NATO fails in bid to kill Muammar Qaddafi

Hours after US and British figures called for "the head of the snake" in Libya to be cut off, NATO warplanes early Monday, April 25, pulverized a building in Muammar Qaddafi's Bab al-Aziziyah working compound in Tripoli. His offices and conference room was wrecked. A government official called the strike an attempt on the Libyan ruler's life which coalition spokesmen did not deny.

He did not disclose Qaddafi's whereabouts. About 45 people were hurt in the strike, 15 of them seriously and some still missing. The ruler's son Saif al Islam said such attacks would achieve nothing since the West was losing the war in Libya in any case.
There was no word about which nations took part in the Bab al-Aziziyah air strike. Targeting the life of Muammar Qaddafi was not mandated in UN Security Council resolution 1973. However, debkafile's military sources report that coalition leaders are increasingly frustrated by their failure to break the deadlock in the Libyan war and Qaddafi's ability to stand up to whatever they throw at him and even gain ground.
West European banking circles confirm that Security Council economic sanctions against the Libyan government are not biting. Qaddafi is using billions of dollars held in funds in the west to bankroll his war although those funds were supposedly frozen.
The pace of coalition bombardments of Tripoli was intensified in recent days when the rebels' celebration of victory in Misratah proved premature. By Monday, it was clear that the rebels were only in control of the port and a few streets, while most of the city remained under the guns and rockets of pro-Qaddafi forces. The rebels moreover faced a 48-hour ultimatum from local tribes to hand in their weapons and surrender.
Qaddafi tightened his stranglehold on the opposition facing him in Misratah by the paradoxical maneuver of apparently withdrawing his troops and handing the town over to local tribes loyal to him. This puts NATO in a quandary: The Western allies cannot attack those tribes without laying themselves open to charges of attacking Libyan civilians whom the UN resolution obliges them to defend.
Sunday, US Republican Senator Lindsey Graham, member of the Armed Services Committee, called for the head of the snake to be cut off. "The people around Qaddafi need to wake up every day wondering, 'Will this be my last.''" UK Foreign Secretary William Hague said he would not rule out the use of US Predator drones for assassinating the Libyan ruler.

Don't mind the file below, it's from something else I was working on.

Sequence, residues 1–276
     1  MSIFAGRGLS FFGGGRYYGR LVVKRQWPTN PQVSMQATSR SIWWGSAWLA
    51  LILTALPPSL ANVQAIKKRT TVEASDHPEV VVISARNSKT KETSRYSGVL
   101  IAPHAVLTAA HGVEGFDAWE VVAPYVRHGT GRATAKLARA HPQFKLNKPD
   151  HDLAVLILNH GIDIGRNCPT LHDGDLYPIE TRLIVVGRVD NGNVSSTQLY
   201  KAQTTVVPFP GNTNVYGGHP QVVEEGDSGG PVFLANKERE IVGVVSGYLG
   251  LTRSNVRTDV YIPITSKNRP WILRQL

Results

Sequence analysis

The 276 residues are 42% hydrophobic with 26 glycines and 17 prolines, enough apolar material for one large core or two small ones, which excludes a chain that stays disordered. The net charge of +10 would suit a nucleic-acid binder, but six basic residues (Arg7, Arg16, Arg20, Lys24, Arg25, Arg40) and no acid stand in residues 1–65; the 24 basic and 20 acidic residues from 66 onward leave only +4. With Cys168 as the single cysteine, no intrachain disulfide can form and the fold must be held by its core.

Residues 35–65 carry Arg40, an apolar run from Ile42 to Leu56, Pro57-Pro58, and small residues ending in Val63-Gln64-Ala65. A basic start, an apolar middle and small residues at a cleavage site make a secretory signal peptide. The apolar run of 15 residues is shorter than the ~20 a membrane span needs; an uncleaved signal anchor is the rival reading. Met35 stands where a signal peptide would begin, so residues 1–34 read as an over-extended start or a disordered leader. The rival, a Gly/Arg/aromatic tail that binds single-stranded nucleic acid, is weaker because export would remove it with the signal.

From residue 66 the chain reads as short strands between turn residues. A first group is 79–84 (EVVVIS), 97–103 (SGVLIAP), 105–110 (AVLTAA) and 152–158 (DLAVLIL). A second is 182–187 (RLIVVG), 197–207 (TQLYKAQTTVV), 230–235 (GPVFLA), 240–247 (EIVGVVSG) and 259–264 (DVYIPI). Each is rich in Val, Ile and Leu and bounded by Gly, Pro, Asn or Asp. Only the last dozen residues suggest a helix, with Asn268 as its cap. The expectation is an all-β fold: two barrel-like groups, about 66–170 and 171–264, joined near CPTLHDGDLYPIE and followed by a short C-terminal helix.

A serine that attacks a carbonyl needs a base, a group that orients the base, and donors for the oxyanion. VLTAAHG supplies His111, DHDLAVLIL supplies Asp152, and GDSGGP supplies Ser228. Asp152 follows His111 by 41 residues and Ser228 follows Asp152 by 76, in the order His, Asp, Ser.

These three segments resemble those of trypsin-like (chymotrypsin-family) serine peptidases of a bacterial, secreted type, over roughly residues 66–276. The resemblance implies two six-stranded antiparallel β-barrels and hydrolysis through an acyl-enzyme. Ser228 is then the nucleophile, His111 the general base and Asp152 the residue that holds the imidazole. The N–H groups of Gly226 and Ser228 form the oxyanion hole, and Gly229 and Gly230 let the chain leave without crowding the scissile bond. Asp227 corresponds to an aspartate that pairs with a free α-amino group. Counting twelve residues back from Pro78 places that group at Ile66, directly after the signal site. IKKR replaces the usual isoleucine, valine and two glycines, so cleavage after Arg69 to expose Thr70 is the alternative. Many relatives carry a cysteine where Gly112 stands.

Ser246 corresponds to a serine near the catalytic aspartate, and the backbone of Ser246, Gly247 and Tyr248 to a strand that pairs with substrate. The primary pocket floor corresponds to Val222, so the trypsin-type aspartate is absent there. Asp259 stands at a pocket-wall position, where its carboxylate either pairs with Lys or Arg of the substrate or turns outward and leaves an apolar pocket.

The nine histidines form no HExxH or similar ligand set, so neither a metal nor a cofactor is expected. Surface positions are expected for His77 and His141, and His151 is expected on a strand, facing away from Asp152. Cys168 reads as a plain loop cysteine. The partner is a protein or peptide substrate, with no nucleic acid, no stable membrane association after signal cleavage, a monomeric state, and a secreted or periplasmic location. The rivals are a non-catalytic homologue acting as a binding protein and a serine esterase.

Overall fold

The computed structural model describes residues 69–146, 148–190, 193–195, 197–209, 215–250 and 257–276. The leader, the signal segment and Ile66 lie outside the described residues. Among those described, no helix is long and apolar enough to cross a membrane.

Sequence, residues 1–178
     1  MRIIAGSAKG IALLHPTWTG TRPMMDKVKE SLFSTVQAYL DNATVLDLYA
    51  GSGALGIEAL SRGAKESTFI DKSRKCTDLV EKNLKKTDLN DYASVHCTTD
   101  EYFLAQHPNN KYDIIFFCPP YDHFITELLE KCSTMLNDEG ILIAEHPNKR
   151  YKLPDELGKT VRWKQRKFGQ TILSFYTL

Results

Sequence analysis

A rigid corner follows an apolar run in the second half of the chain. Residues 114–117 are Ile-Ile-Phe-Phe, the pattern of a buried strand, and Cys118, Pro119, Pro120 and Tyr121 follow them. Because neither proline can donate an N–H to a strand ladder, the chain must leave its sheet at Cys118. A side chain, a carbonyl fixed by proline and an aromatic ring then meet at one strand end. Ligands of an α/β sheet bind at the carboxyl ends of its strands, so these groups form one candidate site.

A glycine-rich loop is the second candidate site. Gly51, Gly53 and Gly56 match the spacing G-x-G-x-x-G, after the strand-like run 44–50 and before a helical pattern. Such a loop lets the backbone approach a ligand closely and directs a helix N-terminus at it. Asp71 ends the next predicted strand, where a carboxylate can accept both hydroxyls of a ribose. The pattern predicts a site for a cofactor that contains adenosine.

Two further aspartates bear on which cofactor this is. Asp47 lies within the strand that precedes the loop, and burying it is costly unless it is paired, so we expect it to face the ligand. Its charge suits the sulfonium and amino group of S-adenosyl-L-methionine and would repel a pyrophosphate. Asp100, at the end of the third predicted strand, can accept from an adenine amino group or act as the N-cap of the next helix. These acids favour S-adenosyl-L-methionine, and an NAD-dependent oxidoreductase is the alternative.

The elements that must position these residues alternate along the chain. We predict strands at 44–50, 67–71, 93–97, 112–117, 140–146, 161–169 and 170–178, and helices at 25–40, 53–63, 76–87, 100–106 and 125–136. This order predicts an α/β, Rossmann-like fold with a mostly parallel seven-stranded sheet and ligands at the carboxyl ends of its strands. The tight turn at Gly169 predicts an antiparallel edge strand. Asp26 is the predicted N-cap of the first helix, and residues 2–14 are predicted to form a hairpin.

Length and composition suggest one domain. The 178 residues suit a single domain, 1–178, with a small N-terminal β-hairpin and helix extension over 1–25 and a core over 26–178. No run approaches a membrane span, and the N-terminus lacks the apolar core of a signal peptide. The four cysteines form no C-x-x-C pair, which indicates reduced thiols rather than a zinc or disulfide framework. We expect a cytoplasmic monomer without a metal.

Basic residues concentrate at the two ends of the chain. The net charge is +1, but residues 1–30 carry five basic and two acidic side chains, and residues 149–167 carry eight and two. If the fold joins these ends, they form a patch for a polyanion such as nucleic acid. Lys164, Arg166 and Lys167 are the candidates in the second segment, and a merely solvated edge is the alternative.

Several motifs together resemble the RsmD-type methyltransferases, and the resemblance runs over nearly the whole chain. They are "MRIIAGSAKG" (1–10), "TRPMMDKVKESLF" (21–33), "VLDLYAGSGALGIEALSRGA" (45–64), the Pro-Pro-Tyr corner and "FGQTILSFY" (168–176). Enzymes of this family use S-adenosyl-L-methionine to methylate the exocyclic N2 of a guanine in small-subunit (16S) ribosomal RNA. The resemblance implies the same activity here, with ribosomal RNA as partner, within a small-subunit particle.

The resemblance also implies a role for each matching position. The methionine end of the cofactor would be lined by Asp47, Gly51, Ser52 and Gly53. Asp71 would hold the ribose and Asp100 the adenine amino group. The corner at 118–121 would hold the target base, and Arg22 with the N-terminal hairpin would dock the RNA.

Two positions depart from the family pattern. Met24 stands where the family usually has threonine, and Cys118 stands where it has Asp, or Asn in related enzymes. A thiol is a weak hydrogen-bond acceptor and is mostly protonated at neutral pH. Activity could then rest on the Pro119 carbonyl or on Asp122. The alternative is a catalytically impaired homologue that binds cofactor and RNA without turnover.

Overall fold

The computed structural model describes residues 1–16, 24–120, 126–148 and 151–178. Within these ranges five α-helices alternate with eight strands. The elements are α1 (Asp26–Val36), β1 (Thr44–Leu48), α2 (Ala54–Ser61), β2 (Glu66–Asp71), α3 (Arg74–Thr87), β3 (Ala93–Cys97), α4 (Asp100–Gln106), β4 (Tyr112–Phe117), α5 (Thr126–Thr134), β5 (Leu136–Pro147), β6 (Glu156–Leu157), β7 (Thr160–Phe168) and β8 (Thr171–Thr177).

The drone aircraft the US sent last week to Libya fired for the first time Saturday. Its target was not disclosed then, but shortly after the Hague statement, a NATO headquarters source revealed that the pilotless aircraft had destroyed a Libyan army rocket launcher.

The US, France and Britain have vowed to continue their air campaign until Qaddafi is out of power.

However, in Washington, US President Barack Obama faces rising criticism of the inconsistencies in his military policy for Libya. The most common is that America should never have gone in on the side of the rebels in the first place, but once it was launched, the administration should have acted with determination and not seen to be wavering back and forth.

The military commentator Anthony H. Cordesman called the administration's military decisions – starting from a fly zone over Libya up until the deployment of drones – farcical. Other military pundits indicated that the Pentagon's approval for sending the Predators to Libya was only obtained because Defense Security Robert Gates and armed forces chief Adm. Mike Mullen felt the need to obscure the Commander-in-Chief's inability to chart a clear American military course in the Libyan war. Both firmly opposed American military intervention in Libya from the start. But now, they have come to appreciate that Obama's inability to stick to any decision, including the one to bow out and hand over to NATO, is doing American more strategic harm that full intervention would have done.
Some Washington sources quote Chinese diplomats as reporting that North Korean interlocutors told them bluntly that if Libya is an example of American prowess, then Pyongyang has nothing to fear from Washington.

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